In 1999 I had reason to visit a men’s DOC facility. (prison).  I was visiting a confessed murderer as research for one of my earlier scripts.  My writing has taken me to some unexpected places to say the least.  On a Sunday morning I found myself sitting in the reception area with three dozen other women.  Wives, sisters, mothers, daughters of convicted felons.  As I waited, I wondered how long they had been coming to visit; how long would a woman wait for her man behind bars; and what a terrible impact this must have on the children, visiting their fathers in this place.  Sitting there I was suddenly compelled to write their stories.  I tried to interview as many women as I could and this was no easy task.

Their closed society is cloaked in guilt and shame. But they finally let me in and I discovered, for the most part, incredibly brave and strong women.  They would tell their friends and neighbors, “my husband travels with his work” to explain the man’s absence.  Always appearing cheerful and strong while visiting their men, the women I spoke with, had a pull off down the highway where they would congregate (after leaving the prison) where they could cry, scream, and moan and be comforted.  Where they could share, with other women who understood, what their lives were really like outside the walls.  Away from the eyes of their men and the prison officials.

For someone who was so comfortable writing in the genre of ‘scripts’ this was a scary prospect. Yikes! I thought, a novel was at the very least 70,000 words and over 300 pages long. What could I possibly have to say?  One year and four months later I had a 335 page novel in my hands. Evidently my characters had plenty to say!  At times I was surprised and delighted with my women and their stories. At other times appalled. As many writers will tell you, at some point, the characters sort’a….no…they definitely take over and you become simply the typist.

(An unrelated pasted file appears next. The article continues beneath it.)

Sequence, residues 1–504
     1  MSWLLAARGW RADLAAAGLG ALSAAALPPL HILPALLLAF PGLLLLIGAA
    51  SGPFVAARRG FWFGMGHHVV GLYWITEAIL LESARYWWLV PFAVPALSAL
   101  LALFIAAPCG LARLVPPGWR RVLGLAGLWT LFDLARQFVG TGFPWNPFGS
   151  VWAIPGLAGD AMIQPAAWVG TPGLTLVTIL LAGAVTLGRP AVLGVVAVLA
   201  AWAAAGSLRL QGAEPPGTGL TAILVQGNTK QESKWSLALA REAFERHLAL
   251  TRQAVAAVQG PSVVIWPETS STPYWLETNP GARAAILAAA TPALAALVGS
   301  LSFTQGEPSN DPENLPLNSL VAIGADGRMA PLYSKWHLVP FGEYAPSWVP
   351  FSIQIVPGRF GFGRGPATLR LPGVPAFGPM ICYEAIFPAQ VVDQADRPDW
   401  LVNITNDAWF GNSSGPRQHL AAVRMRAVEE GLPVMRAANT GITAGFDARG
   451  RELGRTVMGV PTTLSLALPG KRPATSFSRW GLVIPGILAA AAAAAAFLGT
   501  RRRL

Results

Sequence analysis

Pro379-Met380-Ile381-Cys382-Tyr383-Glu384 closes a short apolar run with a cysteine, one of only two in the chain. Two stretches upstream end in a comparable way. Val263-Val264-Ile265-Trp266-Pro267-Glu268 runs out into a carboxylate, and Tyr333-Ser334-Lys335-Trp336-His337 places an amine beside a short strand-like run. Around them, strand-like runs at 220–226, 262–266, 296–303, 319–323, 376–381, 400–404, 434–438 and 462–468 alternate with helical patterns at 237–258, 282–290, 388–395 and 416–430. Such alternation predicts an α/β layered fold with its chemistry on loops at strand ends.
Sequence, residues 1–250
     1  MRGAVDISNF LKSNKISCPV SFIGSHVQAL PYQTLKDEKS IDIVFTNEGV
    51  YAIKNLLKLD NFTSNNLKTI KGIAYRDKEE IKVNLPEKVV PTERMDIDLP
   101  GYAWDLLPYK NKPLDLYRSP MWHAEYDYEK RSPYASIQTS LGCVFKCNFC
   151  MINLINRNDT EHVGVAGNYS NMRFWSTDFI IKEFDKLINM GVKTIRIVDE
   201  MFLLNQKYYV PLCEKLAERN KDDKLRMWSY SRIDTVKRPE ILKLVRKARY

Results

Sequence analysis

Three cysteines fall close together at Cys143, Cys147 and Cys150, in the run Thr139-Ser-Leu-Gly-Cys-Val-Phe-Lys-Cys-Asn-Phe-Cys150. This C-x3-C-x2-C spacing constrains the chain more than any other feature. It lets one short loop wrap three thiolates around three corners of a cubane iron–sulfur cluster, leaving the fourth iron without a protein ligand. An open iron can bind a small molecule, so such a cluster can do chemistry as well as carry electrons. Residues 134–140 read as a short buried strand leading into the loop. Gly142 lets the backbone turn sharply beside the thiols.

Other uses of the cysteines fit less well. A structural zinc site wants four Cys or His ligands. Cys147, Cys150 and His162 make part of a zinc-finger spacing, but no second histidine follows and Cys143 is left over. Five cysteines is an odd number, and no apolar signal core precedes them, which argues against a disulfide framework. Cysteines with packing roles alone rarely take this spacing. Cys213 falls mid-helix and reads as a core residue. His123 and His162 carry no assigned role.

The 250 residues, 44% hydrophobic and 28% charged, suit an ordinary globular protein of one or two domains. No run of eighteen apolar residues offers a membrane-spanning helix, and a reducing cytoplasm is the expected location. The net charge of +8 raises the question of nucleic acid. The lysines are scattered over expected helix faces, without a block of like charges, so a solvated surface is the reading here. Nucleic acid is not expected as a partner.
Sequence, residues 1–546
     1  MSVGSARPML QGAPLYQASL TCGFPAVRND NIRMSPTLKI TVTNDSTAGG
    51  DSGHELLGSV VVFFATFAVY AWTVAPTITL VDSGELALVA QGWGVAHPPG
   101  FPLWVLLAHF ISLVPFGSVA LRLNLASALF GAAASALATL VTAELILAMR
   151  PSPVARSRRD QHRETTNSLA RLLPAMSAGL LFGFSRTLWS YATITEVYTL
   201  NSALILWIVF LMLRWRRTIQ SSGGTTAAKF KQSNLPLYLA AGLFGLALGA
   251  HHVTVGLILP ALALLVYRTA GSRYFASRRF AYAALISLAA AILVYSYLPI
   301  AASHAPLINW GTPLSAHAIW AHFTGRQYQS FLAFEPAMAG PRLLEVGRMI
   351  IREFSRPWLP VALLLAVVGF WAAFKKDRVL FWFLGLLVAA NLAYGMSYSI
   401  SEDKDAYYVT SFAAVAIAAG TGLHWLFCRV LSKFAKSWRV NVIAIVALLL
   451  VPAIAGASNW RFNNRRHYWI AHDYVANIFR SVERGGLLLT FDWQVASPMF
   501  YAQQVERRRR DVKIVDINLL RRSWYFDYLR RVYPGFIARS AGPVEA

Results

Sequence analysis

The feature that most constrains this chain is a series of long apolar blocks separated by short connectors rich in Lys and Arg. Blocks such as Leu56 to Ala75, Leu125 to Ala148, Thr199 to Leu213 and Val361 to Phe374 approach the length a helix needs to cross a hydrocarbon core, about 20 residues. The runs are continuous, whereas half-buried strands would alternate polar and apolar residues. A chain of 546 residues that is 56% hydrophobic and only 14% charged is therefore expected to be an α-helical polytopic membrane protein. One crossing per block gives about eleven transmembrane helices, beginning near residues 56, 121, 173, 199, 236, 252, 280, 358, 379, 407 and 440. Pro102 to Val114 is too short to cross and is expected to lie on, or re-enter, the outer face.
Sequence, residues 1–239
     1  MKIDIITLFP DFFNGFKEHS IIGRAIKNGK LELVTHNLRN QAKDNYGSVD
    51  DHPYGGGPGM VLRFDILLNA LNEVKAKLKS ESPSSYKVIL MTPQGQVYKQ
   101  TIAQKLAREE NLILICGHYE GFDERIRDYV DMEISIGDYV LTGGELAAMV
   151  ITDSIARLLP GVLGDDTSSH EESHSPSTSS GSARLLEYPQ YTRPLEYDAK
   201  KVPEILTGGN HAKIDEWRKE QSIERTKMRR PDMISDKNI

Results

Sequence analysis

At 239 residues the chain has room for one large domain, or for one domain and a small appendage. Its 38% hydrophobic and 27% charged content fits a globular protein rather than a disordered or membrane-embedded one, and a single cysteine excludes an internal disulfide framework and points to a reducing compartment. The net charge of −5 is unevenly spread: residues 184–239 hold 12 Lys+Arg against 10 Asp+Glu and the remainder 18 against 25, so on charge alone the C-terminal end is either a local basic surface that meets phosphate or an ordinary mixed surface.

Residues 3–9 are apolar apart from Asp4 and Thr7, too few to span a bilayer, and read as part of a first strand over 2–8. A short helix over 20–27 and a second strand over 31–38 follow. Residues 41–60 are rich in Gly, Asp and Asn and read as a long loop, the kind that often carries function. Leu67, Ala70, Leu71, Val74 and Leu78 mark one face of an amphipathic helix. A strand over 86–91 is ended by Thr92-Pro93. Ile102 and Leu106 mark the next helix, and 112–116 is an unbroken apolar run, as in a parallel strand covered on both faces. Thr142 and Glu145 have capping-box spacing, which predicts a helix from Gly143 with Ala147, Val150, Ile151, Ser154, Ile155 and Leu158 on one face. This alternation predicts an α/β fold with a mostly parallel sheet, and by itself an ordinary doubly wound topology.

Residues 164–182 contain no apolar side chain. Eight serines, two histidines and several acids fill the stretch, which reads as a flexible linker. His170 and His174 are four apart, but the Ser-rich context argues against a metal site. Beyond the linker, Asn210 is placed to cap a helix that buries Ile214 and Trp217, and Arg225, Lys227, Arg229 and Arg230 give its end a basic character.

I am hoping that my readers enjoy this journey and find some empathy for those women doing hard time outside the walls.

Monday Motivations for the Writer! #17

TS. My friend and best-selling author, Jodi Thomas, did me the honor of contributing to Monday Motivations.

‘The hardest thing a writer does each day is sitting down to work.  In 28 years as a working writer, I’ve published 45 books and 13 novellas.  The hardest thing wasn’t learning to write but learning to manage time. I picked up a few tricks but it is still the dragon I fight every day. (Small)
Jodi Thomas

Build your nest.  I find this makes it easy for me to step into fiction.  It doesn’t matter if your nest is in a secret room in the attic or a small desk in a hotel room. It needs to be your nest. I usually start with a notebook. 

My facts book, my bible for the series.  It includes all characters’ names and basic facts.  Maps of the area—if you’re making up a town, make up the map.’ ~~Jodi Thomas

‘Peace and rest at length have come, All the day’s long toil is past; And each heart is whispering “Home, Home at last!‘- Thomas Hood

Two roads diverged in a wood and I – I took the one less traveled by, And that has made all the difference.’- Robert Frost
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Monday Motivation for the Writer! #13

I just finished reading a good story with interesting characters.  The story plot was strong.  Unfortunately, the author “furrowed” the brow of many, if not all, the characters.  This word, used repeatedly, finally became an inevitable distraction.  It’s okay for a writer to furrow a brow occasionally but mix it up. There are many synonyms: wrinkled, creased, crumpled, lined, wrinkly, rutted, crinkly, puckered, crinkled, rumpled, crushed.